Lots of folks emailed me news items on this. Japan has gone nuts for the "Morning Banana Diet," which promises to help you lose weight with this formula: you start in the morning with a breakfast of bananas and room-temperature water, then eat whatever you want - other than desert - the rest of the day. You can't eat later than six in the evening. you don't need to exercise, and people are going nuts. A half-dozen books on the diet have become best sellers, and the price of the fruit has shot up to over $3.00 per pound (more than quadruple what we pay in the U.S., and well over triple the average price in a Tokyo supermarket.)
The backstory? An opera singer told a talk show she'd lost over 30 pounds on the banana diet. The craze began from there.
Happy dieter, from a Reuters pic that accompanied a Time magazine story on the diet.
A spokesperson for Dole - the nation's largest banana importer (second largest in the world) - told Great Britain's Daily Mail that this was "the first time bananas have been so scarce. Right now, we are finding ourselves unable to meet demand."
There was an earlier banana diet craze, in 1995, that began with the U.S. release of a book called "The Amazingly Simple Banana Diet," by Clifford Thurlow (who also wrote a biography of Salvador Dali.) I couldn't find any details on the actual program, sadly, or whether Japan's morning banana regime was similar to it.
Does the diet work? Sure. If you eat fewer calories than you take in, then you'll lose weight. If you skip your normal breakfast, and substitute a banana; and cut out alcohol and desserts - both of which might reasonably be assumed to be part of the diet of a person who might want to drop a few kilos, you'll accomplish that goal. The books claim that the diet achieves weight loss through a lot of metabolic bunkum, which would be nice. In the 1920s, American banana companies hired armies of doctors to promote all kinds of health claims about the fruit, but even then, they pretty much stuck to the truth.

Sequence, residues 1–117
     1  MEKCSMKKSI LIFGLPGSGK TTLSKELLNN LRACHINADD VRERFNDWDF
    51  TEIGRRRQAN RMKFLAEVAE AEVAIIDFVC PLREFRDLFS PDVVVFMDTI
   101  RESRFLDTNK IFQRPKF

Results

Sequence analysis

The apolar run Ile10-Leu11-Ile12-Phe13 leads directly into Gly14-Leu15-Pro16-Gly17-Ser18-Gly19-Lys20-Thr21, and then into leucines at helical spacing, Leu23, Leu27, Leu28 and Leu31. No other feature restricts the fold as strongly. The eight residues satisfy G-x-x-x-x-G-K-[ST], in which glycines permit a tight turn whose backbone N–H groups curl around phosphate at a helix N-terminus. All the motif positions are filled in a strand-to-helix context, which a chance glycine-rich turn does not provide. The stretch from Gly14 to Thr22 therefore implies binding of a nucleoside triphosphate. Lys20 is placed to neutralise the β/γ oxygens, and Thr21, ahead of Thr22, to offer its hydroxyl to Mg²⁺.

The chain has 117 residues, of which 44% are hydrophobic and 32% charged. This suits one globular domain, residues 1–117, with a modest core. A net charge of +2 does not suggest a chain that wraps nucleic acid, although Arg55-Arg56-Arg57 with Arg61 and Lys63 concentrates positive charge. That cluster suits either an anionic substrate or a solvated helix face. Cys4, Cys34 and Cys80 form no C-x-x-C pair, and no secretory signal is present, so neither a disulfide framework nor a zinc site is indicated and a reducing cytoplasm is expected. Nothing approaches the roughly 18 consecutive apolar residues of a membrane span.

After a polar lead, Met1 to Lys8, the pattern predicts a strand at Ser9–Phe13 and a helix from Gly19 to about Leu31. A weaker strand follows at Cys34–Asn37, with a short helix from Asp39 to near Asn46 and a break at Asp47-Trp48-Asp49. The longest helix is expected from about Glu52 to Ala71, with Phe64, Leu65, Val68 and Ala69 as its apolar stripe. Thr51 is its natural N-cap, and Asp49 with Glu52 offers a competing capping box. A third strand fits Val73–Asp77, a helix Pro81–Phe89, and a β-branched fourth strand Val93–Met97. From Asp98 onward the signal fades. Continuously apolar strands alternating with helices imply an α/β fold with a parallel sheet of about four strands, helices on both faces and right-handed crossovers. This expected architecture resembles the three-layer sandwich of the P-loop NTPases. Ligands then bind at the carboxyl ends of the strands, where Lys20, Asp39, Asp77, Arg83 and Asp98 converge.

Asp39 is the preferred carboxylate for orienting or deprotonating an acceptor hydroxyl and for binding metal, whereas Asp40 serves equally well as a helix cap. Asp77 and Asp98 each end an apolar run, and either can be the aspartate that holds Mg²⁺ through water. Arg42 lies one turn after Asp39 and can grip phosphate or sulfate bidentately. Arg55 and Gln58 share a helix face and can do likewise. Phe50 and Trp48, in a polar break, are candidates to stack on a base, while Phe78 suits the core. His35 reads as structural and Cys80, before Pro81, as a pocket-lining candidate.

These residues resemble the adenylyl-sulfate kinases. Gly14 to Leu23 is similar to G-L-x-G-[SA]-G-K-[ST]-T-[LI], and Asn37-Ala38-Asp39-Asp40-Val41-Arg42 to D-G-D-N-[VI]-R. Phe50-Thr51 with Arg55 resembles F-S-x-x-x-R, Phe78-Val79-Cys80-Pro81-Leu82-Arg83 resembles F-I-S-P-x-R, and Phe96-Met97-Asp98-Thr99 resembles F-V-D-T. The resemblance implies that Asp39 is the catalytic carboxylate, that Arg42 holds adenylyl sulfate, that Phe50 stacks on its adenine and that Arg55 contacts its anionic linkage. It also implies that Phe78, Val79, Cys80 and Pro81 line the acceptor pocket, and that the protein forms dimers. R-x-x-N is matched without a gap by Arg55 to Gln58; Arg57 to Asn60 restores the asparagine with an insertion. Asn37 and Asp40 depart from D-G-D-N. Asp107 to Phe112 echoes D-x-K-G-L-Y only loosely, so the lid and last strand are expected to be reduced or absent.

And even at three bucks a pound, you'll still save money, after you weigh the price of what you've foregone, versus the single banana you've slotted in per day.
To get a little serious: as I've said in the past, the price of bananas is key to the fruit's success - they are the cheap fruit. Things like disease and weather threaten to raise costs to point at which the fruit returns to its "genuine" state - an expensive, tropical rarity. I've advocated, as a solution to any future banana crisis, that importers look into providing a portfolio of banana varieties - as those same companies do with apples and citrus - that would diversify the crop and offer the fruit along a spectrum of tastes and prices. In its own ridiculous way, the Japan craze has proven that consumers will pay more for bananas if they that the fruit offers something more than just a partnership with corn flakes.